Southern Journal of Philosophy 36 (1):15-46 (1998)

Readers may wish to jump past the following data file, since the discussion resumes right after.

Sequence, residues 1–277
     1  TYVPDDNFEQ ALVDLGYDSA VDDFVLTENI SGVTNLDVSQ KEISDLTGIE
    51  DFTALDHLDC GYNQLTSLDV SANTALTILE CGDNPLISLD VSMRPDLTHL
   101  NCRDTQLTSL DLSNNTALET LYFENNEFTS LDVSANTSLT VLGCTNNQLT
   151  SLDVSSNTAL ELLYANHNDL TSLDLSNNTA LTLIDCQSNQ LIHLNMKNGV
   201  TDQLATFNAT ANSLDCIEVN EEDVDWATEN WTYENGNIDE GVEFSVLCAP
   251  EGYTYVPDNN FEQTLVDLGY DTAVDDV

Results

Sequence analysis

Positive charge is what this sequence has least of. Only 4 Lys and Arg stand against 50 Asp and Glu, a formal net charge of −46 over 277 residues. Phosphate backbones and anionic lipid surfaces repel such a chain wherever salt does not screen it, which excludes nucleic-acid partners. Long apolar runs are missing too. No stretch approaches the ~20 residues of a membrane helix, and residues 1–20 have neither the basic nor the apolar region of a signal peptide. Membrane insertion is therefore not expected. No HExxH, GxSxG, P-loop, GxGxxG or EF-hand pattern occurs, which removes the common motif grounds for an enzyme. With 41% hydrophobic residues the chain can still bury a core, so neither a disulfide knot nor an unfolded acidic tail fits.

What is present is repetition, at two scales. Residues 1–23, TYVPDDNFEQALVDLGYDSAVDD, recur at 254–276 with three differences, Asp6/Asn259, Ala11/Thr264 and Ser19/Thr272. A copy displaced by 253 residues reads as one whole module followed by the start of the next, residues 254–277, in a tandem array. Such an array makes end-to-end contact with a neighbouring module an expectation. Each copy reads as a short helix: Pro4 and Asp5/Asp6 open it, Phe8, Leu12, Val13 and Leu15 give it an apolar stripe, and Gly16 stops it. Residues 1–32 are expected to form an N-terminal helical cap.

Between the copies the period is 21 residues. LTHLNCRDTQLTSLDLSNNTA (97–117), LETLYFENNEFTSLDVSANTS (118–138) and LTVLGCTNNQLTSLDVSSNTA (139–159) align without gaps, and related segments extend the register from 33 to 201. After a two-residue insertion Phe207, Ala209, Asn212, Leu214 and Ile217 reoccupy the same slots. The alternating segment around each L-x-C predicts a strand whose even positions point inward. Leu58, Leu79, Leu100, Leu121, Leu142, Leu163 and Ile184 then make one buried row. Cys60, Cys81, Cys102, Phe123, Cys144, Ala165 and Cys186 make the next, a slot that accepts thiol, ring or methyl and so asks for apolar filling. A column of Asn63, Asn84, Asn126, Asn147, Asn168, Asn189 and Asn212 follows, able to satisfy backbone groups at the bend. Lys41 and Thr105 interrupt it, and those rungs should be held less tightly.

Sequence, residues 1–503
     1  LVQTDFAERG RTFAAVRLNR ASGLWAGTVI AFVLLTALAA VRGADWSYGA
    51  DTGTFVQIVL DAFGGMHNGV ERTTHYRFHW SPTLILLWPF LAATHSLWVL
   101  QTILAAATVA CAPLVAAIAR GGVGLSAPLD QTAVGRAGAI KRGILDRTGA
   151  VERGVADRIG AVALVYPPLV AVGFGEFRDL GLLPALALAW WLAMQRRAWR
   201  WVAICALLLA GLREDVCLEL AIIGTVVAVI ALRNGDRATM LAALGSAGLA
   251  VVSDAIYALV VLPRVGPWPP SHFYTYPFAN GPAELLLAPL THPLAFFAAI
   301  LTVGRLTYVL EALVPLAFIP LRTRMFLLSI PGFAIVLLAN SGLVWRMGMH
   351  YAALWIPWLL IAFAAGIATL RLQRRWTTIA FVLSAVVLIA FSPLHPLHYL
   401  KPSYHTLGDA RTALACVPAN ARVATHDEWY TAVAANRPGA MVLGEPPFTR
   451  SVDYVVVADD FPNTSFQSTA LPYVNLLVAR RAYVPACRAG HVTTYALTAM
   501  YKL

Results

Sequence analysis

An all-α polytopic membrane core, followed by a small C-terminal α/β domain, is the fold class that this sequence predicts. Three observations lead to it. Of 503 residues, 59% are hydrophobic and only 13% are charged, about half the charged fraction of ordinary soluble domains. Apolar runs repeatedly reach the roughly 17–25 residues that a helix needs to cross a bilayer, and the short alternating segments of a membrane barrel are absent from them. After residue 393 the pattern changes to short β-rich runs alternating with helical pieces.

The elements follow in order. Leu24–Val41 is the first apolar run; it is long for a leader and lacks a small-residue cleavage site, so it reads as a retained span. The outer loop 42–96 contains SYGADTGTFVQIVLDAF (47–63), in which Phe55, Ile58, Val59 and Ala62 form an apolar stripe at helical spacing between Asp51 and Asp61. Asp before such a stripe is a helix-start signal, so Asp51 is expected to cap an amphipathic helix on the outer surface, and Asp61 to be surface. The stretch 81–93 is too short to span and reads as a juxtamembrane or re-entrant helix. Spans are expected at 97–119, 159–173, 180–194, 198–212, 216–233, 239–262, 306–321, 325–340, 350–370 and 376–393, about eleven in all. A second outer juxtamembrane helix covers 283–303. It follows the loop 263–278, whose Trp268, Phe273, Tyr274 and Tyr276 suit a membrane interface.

|Abstract||b>. According to the standard and largely traditional interpretation, Aristotle’s conception of nous, at least as it occurs in the Posterior Analytics, is geared against a certain set of skeptical worries about the possibility of scien- tific knowledge, and ultimately of the knowledge of Aristotelian first princi- ples. On this view, Aristotle introduces nous as an intuitive faculty that grasps the first principles once and for all as true in such a way that it does not leave any room for the skeptic to press his skeptical point any further. Thus the tradi- tional interpretation views Aristotelian nous as having an internalist justifica- tory role in Aristotelian epistemology. In contrast, a minority (empiricist) view that has emerged recently holds the same internalist justificatory view of nous but rejects its internally certifiable infallibility by stressing the connection be- tween nous and Aristotelian induction. I argue that both approaches are flawed in that Aristotle’s project in the Posterior Analytics is not to answer the skeptic on internalist justificatory grounds, but rather lay out a largely externalist explica- tion of scientific knowledge, i.e. what scientific knowledge consists in, without worrying as to whether we can ever show the skeptic to his satisfaction that we do ever possess knowledge so defined.|
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